cc licensed flickr photo shared by cobalt123

The sky was as full of motion and change as the desert beneath it was monotonous and still, “” and there was so much sky, more than at sea, more than anywhere else in the world. The plain was there, under one’s feet, but what one saw when one looked about was that brilliant blue world of stinging air and moving cloud. Even the mountains were mere ant-hills under it. Elsewhere the sky is the roof of the world; but here the earth was the floor of the sky. The landscape one longed for when one was away, the thing all about one, the world one actually lived in, was the sky, the sky!

For someone who spent their first 27 years where the sky was the roof of the world, Willa Cather’s words are ones that truly paint the immensity of the western sky (from the New Mexico landscape she describes in Death Comes for the Archbishop).

I sit here now on my floor for the night sky that shows more lights than I had ever imagined growing up in Maryland, a place where I really can see the Milky Way.

It’s one thing to talk about it, another to feel the immense blue arc of a sky in the western places where the land feels flattened beneath it- my first taste was the open-ness under the South Dakota sky in 1987, and almost anytime I drive north to the high desert of Arizona:


cc licensed flickr photo shared by cogdogblog

That Cather sky roof is raised even higher by one of the summer thunderstorm clouds


cc licensed flickr photo shared by cogdogblog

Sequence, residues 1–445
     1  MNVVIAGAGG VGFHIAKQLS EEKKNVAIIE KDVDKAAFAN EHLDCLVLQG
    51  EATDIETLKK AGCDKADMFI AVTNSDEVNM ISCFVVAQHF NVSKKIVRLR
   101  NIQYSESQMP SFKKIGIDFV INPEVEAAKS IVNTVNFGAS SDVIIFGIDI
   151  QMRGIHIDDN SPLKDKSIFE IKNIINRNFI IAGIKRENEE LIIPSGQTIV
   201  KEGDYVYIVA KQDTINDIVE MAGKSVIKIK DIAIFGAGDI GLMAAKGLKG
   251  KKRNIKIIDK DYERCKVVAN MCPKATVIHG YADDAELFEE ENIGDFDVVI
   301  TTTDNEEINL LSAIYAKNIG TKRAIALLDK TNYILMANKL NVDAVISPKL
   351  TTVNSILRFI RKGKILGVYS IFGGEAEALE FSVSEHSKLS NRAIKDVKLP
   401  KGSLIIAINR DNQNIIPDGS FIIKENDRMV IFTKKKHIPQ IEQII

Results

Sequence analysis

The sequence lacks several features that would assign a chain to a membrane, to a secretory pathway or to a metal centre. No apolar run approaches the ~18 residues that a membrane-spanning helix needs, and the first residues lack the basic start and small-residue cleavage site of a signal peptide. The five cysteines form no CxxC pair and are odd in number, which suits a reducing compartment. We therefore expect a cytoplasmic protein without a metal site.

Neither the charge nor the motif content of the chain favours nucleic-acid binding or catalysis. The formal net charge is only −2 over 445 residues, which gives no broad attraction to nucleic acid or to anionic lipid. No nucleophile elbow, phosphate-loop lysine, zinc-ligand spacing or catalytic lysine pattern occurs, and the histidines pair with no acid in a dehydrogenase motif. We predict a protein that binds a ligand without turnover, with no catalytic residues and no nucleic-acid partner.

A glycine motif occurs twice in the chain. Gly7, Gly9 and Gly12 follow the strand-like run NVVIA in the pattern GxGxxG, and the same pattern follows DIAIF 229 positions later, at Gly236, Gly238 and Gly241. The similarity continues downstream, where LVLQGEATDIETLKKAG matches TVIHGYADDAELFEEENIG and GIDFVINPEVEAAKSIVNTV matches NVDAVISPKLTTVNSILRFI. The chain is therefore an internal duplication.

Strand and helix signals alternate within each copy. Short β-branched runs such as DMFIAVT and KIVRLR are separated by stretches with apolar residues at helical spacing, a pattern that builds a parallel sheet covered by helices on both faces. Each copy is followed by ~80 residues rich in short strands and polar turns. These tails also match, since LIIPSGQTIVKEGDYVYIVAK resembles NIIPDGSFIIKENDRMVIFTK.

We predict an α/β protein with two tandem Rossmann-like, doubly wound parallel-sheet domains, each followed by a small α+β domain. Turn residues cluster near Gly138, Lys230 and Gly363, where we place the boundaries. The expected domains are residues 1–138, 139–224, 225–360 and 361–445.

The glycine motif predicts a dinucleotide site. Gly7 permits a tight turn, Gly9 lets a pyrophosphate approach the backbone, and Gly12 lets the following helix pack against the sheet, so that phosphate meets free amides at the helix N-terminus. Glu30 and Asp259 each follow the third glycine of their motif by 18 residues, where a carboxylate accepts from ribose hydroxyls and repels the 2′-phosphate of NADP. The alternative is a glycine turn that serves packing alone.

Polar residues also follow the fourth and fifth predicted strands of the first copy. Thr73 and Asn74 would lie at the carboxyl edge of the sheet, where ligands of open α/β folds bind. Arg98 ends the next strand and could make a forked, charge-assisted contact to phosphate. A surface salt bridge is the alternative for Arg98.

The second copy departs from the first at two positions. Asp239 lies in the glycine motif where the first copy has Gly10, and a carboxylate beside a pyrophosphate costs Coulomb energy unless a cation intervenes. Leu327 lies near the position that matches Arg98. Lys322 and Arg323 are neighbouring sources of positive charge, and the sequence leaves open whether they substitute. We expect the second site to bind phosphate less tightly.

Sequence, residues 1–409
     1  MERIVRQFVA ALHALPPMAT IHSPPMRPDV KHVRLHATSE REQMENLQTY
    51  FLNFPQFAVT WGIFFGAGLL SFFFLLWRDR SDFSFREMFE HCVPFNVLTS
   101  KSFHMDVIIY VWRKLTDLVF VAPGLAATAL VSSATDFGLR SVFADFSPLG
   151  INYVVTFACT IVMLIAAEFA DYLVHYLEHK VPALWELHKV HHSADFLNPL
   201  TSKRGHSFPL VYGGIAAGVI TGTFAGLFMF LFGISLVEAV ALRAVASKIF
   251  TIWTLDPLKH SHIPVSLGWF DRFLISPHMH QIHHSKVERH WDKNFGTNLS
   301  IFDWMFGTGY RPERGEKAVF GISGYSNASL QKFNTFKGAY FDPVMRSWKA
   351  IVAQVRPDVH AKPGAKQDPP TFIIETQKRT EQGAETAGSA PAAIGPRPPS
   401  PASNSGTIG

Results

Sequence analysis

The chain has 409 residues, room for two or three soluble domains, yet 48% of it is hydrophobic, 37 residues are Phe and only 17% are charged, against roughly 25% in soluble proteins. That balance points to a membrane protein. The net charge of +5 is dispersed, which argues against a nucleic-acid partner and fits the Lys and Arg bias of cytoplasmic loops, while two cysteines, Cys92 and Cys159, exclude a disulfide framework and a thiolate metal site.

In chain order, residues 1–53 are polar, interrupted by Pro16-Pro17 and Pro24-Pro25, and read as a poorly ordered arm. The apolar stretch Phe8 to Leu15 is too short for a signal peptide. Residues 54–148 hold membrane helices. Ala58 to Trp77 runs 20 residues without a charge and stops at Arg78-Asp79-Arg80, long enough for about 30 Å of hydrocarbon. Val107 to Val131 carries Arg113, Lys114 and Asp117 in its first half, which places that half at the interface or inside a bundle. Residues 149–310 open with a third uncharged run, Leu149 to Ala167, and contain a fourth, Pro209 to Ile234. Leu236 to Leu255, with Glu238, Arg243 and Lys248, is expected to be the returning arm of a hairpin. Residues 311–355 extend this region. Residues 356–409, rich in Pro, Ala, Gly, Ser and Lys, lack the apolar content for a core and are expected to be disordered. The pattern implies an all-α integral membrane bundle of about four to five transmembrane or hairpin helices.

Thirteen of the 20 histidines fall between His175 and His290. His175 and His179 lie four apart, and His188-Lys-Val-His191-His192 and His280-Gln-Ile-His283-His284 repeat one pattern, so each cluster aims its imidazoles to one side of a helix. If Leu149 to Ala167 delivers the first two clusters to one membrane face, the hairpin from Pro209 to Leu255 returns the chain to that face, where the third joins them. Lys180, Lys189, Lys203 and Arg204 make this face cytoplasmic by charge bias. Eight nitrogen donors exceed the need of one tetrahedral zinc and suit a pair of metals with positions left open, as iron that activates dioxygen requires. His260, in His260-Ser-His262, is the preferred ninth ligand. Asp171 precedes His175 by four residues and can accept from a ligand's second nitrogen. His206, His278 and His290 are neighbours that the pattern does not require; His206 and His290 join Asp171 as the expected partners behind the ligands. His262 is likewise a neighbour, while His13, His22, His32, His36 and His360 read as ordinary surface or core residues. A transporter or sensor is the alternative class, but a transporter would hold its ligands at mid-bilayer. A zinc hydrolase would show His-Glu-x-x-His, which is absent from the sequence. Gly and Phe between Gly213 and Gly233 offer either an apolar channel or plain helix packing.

So what’s with all this waxing about clouds and skies? It’s that space it creates, its that smallness you feel as one person, yet it reeks of possibility and opportunity– it is the essence, for me, of everything when we talk of Openness.

In education, this feels like its being talked about more. It hit the mid-range timeline of this year’s Horizon Report, it was the theme of the EDUCAUSE Review summer edition, people are running and talking more of open courses– and all of this is good, but to me, openness, or rather Openness- goes way beyond the sky roof of courses, open resources, licenses, etc.

It is the Sky! The Sky! what I thought I aimed for at the 2009 Open Education Conference with the first Amazing Stories show— actually it was Nancy White’s words that still ring for me, her very last words in a video recorded for her story:

Openness. is not really about the resources, its an attitude.

Even more than an attitude, it’s a mindset, it’s a way fo being without having to think about it- the colleagues I know who live and work this way do it just as natural as breathing. They live under the Big Sky. The Sky! The sky!

Enter today when George Siemens shared this sad tale on Openness- but only it is closed. The Chronicle of Higher Education, that bastion of… well whatever, but they had interviewed George and Stephen Downes and others for their article on open courses– Online, Bigger Classes May Be Better Classes.

An article published on the open web about open courses… is closed behind a pay wall. Subscribers only. Those of us who live under the Big Sky of Openness get 90 words- and then the article is truncated in mid-sentence.

The absurdity is stunning, and even if they wake up Monday and read the memo and change this– it still painfully shows that a lot of people don’t “get” Nancy White’s attitude.